Loc: Tennessee, USA
I was wondering if anyone knows if you can purchase a hose and use this water storage bag as a hydration bladder while on the trail. I think it is possible, but would like confirmation. Also, do any of you use this? Pros and cons? Thanks in advance!
I use their 2 ltr bag/hose combo in my pack and for road cycling with good success. 6 ltr sounds like a lot to carry in one bag though. If I had to carry that much to cover a long dry section I think I'd break it up so I didn't lose it all in case of a bag/hose failure.
Loc: Gateway to Columbia Gorge
Yes, they do list a drink tube kit on the Cascade Desgns website , but I agree with LoneStranger that two or three smaller bags are better than one large. Unless you're always in the desert, most of the time you won't need to carry one or at the most two liters at a time. Even if it's dry the whole day, four liters (a little over a gallon) should be enough unless you're going to have a dry camp as well.
In an area with frequent water sources, you can save a lot of weight by getting water several times per day instead of trying to carry a whole day's water at once. At 2 pounds per liter, 6 liters are a lot of weight! It also helps to get a good drink at the water source, better known as "cameling up." Up high in the Rockies or Cascades, I often don't carry more than a half-liter at a time.
Another problem with one large bag is that if you drop it when full, it's far more apt to burst than a smaller bag (been there, done that, brand new Platy 3-liter bag, easy to drop when full and slippery). I'd suggest 2 or, at the most, 3 two-liter bags instead. The ones you don't need can be rolled up to take basically no room in your pack.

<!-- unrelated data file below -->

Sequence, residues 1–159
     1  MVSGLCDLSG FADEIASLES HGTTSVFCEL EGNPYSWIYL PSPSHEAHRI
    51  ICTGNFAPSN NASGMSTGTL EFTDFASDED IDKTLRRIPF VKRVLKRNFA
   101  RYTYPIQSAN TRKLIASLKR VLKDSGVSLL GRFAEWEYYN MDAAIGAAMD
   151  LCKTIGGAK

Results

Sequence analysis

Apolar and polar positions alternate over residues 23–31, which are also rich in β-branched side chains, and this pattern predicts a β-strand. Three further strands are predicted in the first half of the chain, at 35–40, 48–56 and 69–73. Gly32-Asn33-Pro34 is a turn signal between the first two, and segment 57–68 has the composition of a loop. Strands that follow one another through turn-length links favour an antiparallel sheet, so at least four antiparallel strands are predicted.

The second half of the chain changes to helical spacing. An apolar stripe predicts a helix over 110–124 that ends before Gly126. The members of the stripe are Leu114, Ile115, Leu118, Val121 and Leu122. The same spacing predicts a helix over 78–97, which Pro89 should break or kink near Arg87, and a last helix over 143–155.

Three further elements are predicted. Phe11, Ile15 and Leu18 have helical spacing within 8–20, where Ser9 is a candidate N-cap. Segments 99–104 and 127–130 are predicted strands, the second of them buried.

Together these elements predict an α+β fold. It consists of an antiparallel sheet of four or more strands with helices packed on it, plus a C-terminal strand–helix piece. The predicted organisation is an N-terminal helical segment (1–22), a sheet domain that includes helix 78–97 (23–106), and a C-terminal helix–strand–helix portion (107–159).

Edited by OregonMouse (03/07/1305:18 PM)
May your trails be crooked, winding, lonesome, dangerous, leading to the most amazing view--E. Abbey
I'd second (third?) what LoneStranger and OregonMouse say. I use one of those 6-liter bags when I need to cache water, or transport water to a trailhead or a car camp, but I'm hesitant to use them on the trail - particularly to trust all my water to them - because of that long zip-loc closure on the top. It just seems like user error, or a bit of dirt caught in the track, could lead to a zipper failure and you're left wondering what's dripping onto your legs and why your sleeping bag is soaked.
Also, like they say, 3 of the 2-liter bags give you insurance in case one bag should develop a hole. Multiple bags also give you the option of moving some of the water load around in your pack to help balance it as you eat food or clothing goes in and out of the pack during the day.
Loc: San Diego CA
I feel a bit like I'm piling on, but like everyone else, I also prefer the 1 or 2 liter platypus's (or is it platypi). Gives me more flexibility, redundancy, and I have a more accurate estimate on how much water I am carrying.
For clarity, I mostly backpack in the western half of the US.
Same as the others, I use my 6L Platy in camp, but not on the trail. I've packed it full once when I was going to a dry area, and it's not something I want to do again if I can help it. It was ridiculously heavy, and I wasn't sure the zip-lock closure would hold (it did however).